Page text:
All the World's Glaciers, Mapped

The first statistical analysis of the world's glacier distribution offers insight into melting ice.
Shutterstock/abonjoch

There are, at the moment, nearly 200,000 glaciers on Earth. They have a volume of nearly 106,000 miles cubed, and cover an area of about 453,000 miles squared. This means they cover an area roughly equivalent to that of Germany, Poland, and Switzerland combined. 

We know this in large part because of satellite data. But we know it more specifically because of a new survey, just published by an international collection of scientists in the Journal of Glaciology, that uses sent-from-space data to provide a comprehensive view of the world's glaciers. The new inventory is based on information compiled by the Randolph Glacier Inventory in New Hampshire. It's the first statistical analysis of the world's glacier distribution.

Journal of Glaciology

So why do a survey like this? And why do one now?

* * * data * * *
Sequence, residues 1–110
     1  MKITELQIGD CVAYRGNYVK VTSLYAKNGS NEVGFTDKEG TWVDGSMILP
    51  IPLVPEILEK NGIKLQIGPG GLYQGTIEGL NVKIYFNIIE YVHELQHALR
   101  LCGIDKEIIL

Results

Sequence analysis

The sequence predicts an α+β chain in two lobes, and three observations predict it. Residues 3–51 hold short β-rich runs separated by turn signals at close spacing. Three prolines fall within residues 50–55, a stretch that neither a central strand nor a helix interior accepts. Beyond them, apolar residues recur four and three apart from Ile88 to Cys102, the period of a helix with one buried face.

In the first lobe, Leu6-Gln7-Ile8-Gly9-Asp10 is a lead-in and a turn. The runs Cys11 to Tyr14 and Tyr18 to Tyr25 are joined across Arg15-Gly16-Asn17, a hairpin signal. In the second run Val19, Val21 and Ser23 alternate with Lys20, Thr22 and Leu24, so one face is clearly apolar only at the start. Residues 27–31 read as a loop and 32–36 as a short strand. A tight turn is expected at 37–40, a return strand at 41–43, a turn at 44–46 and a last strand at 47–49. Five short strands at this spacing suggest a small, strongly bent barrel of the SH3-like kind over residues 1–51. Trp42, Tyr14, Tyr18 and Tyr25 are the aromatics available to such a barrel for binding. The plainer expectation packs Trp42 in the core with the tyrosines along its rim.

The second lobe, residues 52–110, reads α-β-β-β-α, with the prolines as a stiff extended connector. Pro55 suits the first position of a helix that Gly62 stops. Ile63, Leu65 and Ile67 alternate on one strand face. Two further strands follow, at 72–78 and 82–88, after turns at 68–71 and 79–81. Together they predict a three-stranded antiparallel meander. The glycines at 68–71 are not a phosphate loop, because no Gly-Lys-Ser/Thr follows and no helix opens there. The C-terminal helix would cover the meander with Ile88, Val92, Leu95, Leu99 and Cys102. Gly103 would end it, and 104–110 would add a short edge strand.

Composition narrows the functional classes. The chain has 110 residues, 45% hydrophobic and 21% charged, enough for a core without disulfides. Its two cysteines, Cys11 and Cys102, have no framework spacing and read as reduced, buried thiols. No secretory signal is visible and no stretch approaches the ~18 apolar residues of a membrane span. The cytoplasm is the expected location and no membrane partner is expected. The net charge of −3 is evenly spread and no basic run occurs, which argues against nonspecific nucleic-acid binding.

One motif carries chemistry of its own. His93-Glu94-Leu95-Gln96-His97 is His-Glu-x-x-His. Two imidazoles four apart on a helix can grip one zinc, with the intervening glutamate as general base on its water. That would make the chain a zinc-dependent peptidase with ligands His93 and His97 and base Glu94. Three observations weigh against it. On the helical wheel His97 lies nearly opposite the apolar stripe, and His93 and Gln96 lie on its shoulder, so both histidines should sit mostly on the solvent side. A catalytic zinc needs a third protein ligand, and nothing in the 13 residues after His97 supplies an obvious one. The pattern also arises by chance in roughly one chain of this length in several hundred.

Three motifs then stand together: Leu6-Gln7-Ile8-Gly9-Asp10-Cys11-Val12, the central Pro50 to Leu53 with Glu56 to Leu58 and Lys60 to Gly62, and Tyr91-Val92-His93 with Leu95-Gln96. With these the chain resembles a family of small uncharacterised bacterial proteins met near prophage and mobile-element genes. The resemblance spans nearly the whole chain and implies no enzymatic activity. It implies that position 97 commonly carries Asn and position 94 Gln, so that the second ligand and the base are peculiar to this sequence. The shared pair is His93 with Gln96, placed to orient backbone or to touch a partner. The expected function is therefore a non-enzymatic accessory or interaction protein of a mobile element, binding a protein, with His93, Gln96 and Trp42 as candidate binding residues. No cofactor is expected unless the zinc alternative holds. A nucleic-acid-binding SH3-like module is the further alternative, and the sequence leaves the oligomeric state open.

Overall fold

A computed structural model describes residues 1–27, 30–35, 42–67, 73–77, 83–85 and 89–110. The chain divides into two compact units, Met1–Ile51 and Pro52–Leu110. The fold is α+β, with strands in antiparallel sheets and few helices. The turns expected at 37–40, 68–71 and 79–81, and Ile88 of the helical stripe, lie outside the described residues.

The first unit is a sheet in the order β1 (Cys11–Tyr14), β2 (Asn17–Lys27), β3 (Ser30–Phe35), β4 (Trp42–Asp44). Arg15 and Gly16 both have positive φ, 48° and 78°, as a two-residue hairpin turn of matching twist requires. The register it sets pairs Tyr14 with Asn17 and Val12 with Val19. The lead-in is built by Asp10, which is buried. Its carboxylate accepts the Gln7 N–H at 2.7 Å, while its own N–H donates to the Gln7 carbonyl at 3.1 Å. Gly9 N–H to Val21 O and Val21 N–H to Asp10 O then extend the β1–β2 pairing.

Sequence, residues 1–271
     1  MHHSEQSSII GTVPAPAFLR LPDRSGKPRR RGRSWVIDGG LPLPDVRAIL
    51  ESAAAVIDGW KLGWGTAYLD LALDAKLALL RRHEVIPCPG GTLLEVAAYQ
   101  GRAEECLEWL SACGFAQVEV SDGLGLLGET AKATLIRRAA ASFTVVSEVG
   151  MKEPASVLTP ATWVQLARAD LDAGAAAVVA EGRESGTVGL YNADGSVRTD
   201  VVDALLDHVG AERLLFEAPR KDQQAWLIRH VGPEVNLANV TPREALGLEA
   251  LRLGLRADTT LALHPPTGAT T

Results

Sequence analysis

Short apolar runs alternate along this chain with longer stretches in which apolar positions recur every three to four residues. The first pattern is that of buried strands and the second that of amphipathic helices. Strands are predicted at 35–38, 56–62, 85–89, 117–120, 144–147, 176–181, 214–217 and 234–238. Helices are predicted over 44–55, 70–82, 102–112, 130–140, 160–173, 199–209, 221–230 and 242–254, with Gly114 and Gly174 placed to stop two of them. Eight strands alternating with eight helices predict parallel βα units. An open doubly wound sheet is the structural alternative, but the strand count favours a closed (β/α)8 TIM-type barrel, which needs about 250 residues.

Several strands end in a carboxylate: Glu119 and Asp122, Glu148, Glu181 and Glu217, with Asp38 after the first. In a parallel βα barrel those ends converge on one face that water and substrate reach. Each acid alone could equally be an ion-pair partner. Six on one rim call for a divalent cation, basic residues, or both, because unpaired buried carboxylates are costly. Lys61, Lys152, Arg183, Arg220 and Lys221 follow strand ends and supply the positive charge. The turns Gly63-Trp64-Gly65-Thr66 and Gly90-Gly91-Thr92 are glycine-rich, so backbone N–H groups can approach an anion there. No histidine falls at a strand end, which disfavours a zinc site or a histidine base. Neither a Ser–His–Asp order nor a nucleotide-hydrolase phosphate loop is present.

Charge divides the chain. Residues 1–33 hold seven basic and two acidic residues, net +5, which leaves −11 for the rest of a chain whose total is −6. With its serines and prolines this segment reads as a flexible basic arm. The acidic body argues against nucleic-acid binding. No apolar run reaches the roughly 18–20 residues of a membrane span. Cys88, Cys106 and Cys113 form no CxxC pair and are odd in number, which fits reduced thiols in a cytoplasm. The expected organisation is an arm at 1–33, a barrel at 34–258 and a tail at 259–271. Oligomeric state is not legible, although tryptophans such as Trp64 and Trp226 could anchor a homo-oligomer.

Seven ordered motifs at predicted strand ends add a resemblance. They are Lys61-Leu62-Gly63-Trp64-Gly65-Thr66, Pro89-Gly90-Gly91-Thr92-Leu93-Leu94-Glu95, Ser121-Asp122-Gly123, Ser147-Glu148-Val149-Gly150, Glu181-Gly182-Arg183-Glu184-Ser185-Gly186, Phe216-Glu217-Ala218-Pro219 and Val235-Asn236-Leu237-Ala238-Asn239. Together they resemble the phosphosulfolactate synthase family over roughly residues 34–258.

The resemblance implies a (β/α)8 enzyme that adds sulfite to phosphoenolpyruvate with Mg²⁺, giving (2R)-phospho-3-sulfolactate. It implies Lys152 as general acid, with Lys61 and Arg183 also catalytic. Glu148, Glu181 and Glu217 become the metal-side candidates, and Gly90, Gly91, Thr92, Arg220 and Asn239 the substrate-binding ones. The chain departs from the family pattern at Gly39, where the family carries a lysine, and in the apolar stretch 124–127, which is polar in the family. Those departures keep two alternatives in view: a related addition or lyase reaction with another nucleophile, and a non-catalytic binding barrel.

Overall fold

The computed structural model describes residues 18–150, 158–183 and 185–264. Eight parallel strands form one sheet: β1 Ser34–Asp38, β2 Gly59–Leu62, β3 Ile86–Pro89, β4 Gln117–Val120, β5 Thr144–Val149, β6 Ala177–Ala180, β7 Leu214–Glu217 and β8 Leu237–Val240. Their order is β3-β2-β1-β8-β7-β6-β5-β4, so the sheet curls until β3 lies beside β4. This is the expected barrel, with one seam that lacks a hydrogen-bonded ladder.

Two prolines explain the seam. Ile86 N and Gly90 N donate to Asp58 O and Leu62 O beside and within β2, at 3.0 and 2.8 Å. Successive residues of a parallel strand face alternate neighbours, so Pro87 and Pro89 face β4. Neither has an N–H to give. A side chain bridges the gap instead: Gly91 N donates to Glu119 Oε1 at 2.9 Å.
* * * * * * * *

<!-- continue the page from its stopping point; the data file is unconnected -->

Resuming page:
We need to understand the dynamics of glaciers—which are frustratingly inclined to melt when temperatures warm—to understand, among other things, the water dynamics of the planet at large. The survey was rushed to completion to be of use in the recently published Fifth Assessment of the Intergovernmental Panel on Climate Change, where it offered insight on how the world's existing glaciers might interact with each other—and, by extension, with us. 

"This boost to the infrastructure means that people can now do research that they simply couldn't do properly before," Trent University's Graham Cogley, one of the coordinators of the inventory, said.

Each glacier in the inventory is represented by a computer-readable outline—a digital rendering, essentially, that allows scientists to model interactions among the glaciers. Glaciers are dynamic: the big ones can fragment, the small ones can melt. And it's the melting, of course, that's of particular interest. Melting glaciers lead to rising sea levels. Which could lead, according to this new rendering of Google Street View, to something like this.

World Under Water

 

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Megan Garber is a staff writer at The Atlantic.

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